By Lauren Howells

Universal Credit “may cost more than the benefits system it replaces”, the National Audit Office (NAO) has announced. 

Universal Credit “has not delivered value for money 

Introduced to simplify the benefits system, Universal Credit merges six benefits (income support, income-based jobseeker’s allowance (JSA), income-related employment and support allowance (ESA), housing benefit, working tax credit and child tax credit) into one payment.

The NAO said that there had been a £1.9 billion spend to date on Universal Credit. In its recent report, the NAO concluded that Universal Credit had not delivered value for money so far and said that it was uncertain that it ever would.

Running costs currently, sit at £699 per claim. The government intends for this figure to be £173 per claim by 2024-25.

Universal Credit roll-out considerably slower than intended 

Universal Credit Costs More Than System it Replaces

Originally due to complete in October 2017, the NAO said that the roll-out of Universal Credit had taken “significantly longer” than intended, with only 10% of the final expected number of people currently on the system, eight years after work started.

The NAO went on to say that since it had last reported on Universal Credit in 2014, the DWP had made “some progress” in managing the programme but the Department would never be able to measure whether or not it had achieved its goal of increasing employment by putting an additional 200,000 people into work.

Four in ten claimants experiencing financial difficulties

A recent survey by the DWP found that 4 in 10 of those surveyed who were claiming Universal Credit, said that they were experiencing financial difficulties.

The NAO accused the DWP of not showing “sufficient sensitivity” towards some claimants and said that it had seen evidence that “many people” had suffered “difficulties and hardship” during the roll-out of Universal Credit. The report stated that the DWP does not accept that Universal Credit has caused hardship among those claiming it.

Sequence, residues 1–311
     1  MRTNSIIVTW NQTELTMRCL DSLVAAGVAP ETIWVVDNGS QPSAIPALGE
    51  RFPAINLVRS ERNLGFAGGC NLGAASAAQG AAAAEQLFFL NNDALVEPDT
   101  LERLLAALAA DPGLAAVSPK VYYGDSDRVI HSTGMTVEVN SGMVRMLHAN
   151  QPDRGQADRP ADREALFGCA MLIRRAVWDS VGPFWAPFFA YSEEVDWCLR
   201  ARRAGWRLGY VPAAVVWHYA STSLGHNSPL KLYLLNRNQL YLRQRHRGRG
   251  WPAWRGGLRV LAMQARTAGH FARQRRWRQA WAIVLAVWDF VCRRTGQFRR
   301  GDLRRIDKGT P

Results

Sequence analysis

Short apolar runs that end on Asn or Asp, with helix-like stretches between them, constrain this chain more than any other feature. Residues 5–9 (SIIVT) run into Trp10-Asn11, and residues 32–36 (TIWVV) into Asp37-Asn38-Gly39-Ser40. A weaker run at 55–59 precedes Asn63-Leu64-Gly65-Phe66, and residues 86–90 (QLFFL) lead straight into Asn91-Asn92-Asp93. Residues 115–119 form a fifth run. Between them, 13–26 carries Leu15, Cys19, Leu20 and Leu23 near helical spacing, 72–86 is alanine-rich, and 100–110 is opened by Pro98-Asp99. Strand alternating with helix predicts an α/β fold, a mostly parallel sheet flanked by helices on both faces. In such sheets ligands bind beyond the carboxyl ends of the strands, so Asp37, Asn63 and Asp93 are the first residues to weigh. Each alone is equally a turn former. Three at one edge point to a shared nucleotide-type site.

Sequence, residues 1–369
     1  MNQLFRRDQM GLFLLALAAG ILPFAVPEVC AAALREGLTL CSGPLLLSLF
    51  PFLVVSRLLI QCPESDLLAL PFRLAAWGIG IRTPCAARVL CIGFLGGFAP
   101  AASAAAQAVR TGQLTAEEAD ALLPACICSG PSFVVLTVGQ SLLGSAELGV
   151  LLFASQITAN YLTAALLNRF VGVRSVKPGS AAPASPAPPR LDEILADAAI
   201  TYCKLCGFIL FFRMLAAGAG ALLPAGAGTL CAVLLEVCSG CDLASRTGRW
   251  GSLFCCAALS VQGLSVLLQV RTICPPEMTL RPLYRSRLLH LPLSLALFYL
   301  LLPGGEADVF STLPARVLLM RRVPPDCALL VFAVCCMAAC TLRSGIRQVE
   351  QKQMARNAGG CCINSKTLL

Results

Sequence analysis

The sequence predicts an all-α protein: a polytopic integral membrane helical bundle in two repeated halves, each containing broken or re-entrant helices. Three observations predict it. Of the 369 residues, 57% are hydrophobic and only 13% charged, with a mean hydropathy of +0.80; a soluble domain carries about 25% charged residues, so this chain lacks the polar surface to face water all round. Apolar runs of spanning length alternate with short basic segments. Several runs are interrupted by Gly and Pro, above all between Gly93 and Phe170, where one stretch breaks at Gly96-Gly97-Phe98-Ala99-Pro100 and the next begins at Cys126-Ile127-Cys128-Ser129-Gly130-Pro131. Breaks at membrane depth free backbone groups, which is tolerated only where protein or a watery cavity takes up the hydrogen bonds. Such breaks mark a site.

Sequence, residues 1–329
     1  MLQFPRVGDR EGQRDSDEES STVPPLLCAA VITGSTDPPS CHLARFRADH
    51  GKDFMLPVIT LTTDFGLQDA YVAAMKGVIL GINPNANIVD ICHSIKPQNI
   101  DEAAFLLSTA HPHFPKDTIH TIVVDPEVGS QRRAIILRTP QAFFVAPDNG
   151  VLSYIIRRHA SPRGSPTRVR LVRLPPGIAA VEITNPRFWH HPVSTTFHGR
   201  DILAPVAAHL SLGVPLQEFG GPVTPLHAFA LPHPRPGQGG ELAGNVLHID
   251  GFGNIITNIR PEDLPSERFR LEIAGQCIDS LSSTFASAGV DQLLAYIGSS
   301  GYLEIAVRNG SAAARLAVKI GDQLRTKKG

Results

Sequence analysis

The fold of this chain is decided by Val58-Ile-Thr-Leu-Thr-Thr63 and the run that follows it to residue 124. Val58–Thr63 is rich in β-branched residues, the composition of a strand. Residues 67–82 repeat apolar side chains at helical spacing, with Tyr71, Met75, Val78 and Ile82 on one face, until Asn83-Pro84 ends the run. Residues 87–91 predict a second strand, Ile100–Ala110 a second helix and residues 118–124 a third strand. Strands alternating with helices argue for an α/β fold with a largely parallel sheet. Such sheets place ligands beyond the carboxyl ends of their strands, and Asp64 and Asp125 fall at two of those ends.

According to the NAO, around a quarter (113,000) of new claims for Universal Credit were not paid in full on time in 2017, with late payments delayed by an average of 4 weeks. Forty per cent of those who weren’t paid on time between January and October 2017, had to wait for around 11 weeks or more, with a fifth (20%) having to wait nearly 5 months.

In March 2018, the NAO said that 21% of new claimants did not receive everything they were due on time and 13% received none of their payment on time.

NAO does not anticipate a significant improvement

The NAO has estimated that, throughout 2018, between 270,000 and 338,000 new claimants will not be paid everything they should be at the end of their first assessment period. It pointed out that those with “more complex cases” were more likely to be paid late.

In addition, it said that in 3 out of the 4 areas it had visited where data was available, the use of food banks had “increased more rapidly” after the roll-out of full-service Universal Credit. 

The NAO stated that it would now be “so complex and costly to return to legacy benefits”, there was “no practical alternative but to continue with Universal Credit”.

Amyas Morse, head of the National Audit Office, said:

“We think the larger claims for Universal Credit, such as boosted employment, are unlikely to be demonstrable at any point in future. Nor for that matter will value for money.”